Two years ago, just after Easter, I had the privilege of visiting Nepal. It was an absolutely wonderful trip. This Easter, a group of 15 people from First Portadown Presbyterian Church, are spending Easter in Nepal. They are under the direction and guidance of the energetic Rosie, whose knowledge of Nepal can only be described as encyclopaedic. Rosie spent almost 8 years in Nepal working as a speech therapist and she has inspired many people to develop an interest in the development of that country.
During our time in Pokhara, we were able to visit the church where Rosie worshipped, and that is where our friends will be this weekend. At that service, they were receiving 15 new members. Among the group received as members was a man and his two wives! Prior to his conversion, this man had taken a younger wife because his first wife was childless. But all three of them had been converted to Christ, and the leadership of the church welcomed them together as a family into their membership. I remember thinking: How long would it take an Irish Presbyterian Session to work their way through that kind of pastoral situation?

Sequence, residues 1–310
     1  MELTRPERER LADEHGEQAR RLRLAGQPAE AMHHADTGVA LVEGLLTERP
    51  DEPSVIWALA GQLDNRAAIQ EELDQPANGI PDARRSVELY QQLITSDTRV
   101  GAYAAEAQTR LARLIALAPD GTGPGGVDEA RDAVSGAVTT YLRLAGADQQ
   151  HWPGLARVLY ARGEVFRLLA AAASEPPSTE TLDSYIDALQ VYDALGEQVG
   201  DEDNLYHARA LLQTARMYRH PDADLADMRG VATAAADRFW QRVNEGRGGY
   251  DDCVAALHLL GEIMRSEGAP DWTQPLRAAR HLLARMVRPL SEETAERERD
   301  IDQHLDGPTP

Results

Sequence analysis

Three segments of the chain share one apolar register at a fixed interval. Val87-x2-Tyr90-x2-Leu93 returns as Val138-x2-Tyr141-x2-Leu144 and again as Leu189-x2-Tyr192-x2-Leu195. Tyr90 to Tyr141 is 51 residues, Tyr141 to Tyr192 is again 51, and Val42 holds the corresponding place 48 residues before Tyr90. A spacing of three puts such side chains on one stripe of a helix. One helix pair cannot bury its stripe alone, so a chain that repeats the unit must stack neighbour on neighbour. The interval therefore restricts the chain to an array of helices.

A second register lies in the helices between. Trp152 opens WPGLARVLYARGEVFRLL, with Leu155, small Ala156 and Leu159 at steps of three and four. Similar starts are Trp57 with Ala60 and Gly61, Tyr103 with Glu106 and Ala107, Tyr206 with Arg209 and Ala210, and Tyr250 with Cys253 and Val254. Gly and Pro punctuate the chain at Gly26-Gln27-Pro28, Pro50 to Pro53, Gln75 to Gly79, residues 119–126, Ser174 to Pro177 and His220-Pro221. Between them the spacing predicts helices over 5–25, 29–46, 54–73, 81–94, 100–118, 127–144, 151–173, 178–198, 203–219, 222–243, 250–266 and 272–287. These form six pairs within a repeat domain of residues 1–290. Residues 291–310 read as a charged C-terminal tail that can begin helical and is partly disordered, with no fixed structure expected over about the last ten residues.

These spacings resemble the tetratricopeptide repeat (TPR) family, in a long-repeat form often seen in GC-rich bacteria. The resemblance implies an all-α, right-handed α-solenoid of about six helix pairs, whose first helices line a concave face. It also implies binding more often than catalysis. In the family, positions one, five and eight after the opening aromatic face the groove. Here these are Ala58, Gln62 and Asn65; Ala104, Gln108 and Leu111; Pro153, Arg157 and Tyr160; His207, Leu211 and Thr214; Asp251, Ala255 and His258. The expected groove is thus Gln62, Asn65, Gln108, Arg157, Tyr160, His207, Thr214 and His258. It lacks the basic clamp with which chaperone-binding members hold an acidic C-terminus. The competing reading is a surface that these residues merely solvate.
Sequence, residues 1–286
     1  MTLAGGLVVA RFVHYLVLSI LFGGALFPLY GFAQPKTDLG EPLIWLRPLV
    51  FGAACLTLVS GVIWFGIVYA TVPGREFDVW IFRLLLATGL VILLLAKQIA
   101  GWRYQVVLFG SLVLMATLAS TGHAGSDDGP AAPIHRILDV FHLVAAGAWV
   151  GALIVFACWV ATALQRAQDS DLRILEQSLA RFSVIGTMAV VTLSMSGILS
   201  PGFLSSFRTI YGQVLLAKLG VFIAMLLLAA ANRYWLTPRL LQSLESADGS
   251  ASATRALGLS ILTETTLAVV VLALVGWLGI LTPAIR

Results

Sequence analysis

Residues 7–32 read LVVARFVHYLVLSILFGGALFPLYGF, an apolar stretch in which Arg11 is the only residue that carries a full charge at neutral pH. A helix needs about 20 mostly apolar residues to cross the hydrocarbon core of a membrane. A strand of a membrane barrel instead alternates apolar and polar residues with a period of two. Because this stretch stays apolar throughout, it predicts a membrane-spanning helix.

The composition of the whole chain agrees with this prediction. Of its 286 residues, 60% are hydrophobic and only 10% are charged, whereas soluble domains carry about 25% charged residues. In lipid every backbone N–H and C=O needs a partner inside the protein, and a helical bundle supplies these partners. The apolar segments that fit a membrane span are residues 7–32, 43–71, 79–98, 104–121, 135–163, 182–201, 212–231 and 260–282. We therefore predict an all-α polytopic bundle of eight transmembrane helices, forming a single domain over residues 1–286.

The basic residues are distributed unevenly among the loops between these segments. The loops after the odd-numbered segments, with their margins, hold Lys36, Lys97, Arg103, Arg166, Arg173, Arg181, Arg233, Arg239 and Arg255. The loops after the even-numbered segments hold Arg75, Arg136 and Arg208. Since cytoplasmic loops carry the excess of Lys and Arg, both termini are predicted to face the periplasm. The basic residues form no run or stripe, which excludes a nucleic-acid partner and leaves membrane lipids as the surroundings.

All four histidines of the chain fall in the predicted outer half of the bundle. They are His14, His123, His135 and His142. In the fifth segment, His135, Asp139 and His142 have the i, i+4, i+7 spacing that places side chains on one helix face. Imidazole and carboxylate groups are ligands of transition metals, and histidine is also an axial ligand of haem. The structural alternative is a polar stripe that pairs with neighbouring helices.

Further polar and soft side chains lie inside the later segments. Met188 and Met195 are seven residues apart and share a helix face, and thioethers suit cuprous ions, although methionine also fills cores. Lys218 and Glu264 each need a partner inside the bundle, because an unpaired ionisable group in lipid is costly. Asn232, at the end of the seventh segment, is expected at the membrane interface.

The growth of Christianity in Nepal in recent years has been amazing. Over 30 years ago I heard Pastor Robert Karthak speak at the Bangor Worldwide Missionary Convention, and at that time he was, I think, the only Christian minister in Kathmandu. Today it is estimated that out of a total population of 29 million there are in excess of 800,000 Christians in Nepal.
It is a most beautiful country, tucked away between India and China, with spectacular views of the Himalayas. It is also incredibly poor. In recent weeks there has been little rain and that has obvious and serious implications for the crops. There are also many problems caused by electricity only being available for 8 hours a day. And yet in these difficult and trying circumstances the kingdom of God advances.
This Easter Day we will use the words of a well-known hymn:
“Let the Church with gladness hymns of triumph sing, For her Lord now liveth; death hath lost its sting.”
The Church that sings these hymns of triumph is a multi-ethnic people scattered across the globe from Portadown to Pokhara. Thank you, Rosie, for enlarging our vision.